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Int Orthop. 2013 Jul;37(7):1355-61. doi: 10.1007/s00264-013-1850-4. Epub 2013 Mar 20.

Temperature control with internally applied cooling in solid material drilling: an experimental, biomechanical study.

Author information

1
Trauma Department Hannover Medical School, MHH, Carl-Neuberg-Street 1, D-30625 Hannover, Germany. brand.stephan@mh-hannover.de

Abstract

PURPOSE:

The purpose of this study was to evaluate the different temperature levels while drilling solid materials and to compare different cooling solutions for possible temperature control. An additional purpose was to develop an internal cooling device which can be connected to routinely used manual drilling devices in trauma surgery.

METHODS:

Drilling was performed on a straight hip stem implanted in bovine femora without cooling, with externally applied cooling and with a newly developed internal cooling device. Temperature changes were measured by seven thermocouples arranged near the borehole. Additionally, thermographic scans were performed during drilling.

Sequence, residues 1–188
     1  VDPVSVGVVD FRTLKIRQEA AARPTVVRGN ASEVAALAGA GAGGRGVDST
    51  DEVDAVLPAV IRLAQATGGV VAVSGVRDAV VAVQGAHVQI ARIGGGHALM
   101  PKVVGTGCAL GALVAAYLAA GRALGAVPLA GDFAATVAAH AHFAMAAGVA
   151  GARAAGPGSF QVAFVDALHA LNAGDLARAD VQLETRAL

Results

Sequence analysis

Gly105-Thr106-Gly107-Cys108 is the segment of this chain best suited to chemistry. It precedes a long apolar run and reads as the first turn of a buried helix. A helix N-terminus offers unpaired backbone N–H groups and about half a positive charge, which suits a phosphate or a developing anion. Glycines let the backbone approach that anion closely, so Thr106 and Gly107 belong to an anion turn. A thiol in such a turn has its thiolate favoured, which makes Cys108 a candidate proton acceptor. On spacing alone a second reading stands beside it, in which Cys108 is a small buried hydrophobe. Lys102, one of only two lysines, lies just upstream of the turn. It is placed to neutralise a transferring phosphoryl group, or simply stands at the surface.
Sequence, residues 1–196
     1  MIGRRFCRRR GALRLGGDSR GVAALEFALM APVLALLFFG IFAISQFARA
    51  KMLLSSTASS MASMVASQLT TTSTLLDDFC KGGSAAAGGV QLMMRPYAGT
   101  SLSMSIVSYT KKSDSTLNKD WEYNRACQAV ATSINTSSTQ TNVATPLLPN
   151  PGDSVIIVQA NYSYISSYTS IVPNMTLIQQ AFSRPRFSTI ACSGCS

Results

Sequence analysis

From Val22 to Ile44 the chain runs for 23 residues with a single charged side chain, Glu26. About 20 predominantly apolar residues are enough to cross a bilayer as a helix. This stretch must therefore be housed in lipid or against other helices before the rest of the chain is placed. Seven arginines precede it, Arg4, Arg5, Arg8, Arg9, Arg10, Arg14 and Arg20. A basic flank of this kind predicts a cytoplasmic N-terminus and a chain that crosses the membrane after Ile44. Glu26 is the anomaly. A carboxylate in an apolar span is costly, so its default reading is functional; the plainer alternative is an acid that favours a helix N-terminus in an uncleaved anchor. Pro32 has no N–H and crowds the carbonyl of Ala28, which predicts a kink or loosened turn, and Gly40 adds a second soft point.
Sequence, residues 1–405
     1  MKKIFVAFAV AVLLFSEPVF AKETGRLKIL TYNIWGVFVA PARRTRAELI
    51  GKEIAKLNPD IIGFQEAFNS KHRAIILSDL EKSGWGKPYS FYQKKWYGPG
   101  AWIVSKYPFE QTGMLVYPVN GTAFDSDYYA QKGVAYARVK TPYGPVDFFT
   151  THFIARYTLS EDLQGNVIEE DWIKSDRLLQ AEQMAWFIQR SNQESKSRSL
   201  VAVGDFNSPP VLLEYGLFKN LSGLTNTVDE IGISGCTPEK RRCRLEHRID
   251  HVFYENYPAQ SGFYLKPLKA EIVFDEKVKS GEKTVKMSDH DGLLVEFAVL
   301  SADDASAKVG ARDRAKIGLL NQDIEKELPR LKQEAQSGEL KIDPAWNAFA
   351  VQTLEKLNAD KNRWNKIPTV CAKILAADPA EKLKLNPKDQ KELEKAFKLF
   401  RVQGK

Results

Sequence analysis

RESULTS:

Drilling without cooling leads to an immediate increase in temperature to levels of thermal osteonecrosis (over 200 °C). With externally applied cooling temperatures were decreased, but were still up to a tissue damaging 85 °C. Internally applied cooling led to a temperature decrease to tissue-preserving levels during the drilling procedure (24.7 °C).

CONCLUSION:

Internal cooling with HPC-drillers lowered the measured temperatures to non-tissue damaging temperatures and should avoid structural tissue damage.

PMID:
23512602
PMCID:
PMC3685654
DOI:
10.1007/s00264-013-1850-4
[Indexed for MEDLINE]
Free PMC Article

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